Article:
Perhaps the most disturbing development in recent years has been the apparent U.S. belief that it is legitimate for the United States or an ally to maintain its regional nuclear monopoly through force. The Israeli attack on Iraq's Osirak reactor in 1981 was made possible only by the U.S. decision to supply Israel with high-resolution photographs of Iraq from the KH-11 satellite, data to which no other nation was allowed access, as well as through U.S.-supplied F-16 fighter planes. Though the United States publicly condemned the bombing, in private "Reagan was delighted...[and] very satisfied." Publicly, the United States suspended the delivery of four additional F-16s but quietly lifted the suspension two months later. Such an attitude was not just that of a conservative Republican administration. In recent years, the House of Representatives in efforts led by liberal Democrats passed a resolution endorsing the Israeli attack and calling for the United States to seek the repeal of U.N. Security Council resolution 487, which condemned it. The irony is that the Osirak reactor was not the focal point of Iraq's nuclear program, and the Israeli attack likely encouraged the Iraqis to undertake greater efforts to evade detection of their primary nuclear-development facilities.

The 1981 air strikes by Israel against the Iraqi nuclear reactor, however, paled in comparison with the much wider bombing attacks against suspected nuclear sites ten years later by the United States, which like the Israeli bombing violated both the spirit and the letter of the NPT. It was the final demonstration of U.S. contempt for law-based approaches to nuclear non-proliferation. It is also a reflection of the unipolarist view which now dominates U.S. foreign policy in the post-Cold-War era, advocating U.S. military action rather than reliance on international organizations, international law or diplomacy. The result of such policies delegitimizes traditional international safeguards against nuclear proliferation in favor of an international anarchy where regional nuclear powers can launch preemptive attacks against potential rivals at will. Subsequent to the attacks against Iraq, both the South Korean and Indian governments have talked openly about taking unilateral actions against North Korea and Pakistan, respectively. Tragically, such lawlessness creates the very kind of insecurity that has motiv-ated countries to develop their nuclear programs in the first place. It will likely set back the cause of nuclear non-proliferation rather than promote it.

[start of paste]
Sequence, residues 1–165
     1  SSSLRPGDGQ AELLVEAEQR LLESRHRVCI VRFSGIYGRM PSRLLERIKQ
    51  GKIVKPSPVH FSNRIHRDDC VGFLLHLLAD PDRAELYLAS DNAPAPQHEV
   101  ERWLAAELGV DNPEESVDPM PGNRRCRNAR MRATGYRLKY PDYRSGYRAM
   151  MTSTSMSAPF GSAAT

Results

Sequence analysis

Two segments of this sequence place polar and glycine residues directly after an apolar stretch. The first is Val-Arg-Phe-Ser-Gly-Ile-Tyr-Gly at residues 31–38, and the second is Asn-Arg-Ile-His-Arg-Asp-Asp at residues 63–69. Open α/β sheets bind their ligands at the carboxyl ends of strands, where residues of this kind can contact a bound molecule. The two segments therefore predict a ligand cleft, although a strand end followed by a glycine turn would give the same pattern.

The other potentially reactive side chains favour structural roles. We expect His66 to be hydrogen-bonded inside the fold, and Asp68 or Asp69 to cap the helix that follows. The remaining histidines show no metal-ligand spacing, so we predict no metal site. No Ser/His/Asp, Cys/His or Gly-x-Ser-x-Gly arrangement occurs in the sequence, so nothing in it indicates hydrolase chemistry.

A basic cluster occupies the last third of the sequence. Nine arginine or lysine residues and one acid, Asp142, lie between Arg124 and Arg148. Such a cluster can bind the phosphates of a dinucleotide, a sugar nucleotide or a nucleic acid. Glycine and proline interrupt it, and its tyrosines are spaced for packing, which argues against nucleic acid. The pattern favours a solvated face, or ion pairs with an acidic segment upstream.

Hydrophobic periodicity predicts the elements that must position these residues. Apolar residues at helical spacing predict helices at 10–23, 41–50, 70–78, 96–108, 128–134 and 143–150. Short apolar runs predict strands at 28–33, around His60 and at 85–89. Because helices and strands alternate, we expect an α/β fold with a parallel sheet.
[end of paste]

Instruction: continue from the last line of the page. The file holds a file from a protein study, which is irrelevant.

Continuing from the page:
Much of U.S. military policy from the 1950s until the collapse of the Soviet Union was based on the concept of nuclear deterrence. This rested on the principle that regardless of the quantity of nuclear weapons and delivery systems the Soviets may have had, all the United States needed was an effective second-strike capability. As a result, the Soviet Union could amass tens of thousands of nuclear warheads and hundreds of bombers, submarines and ICBMs capable of utterly destroying the United States several times over, yet the United States could feel relatively secure knowing it had an effective deterrent force.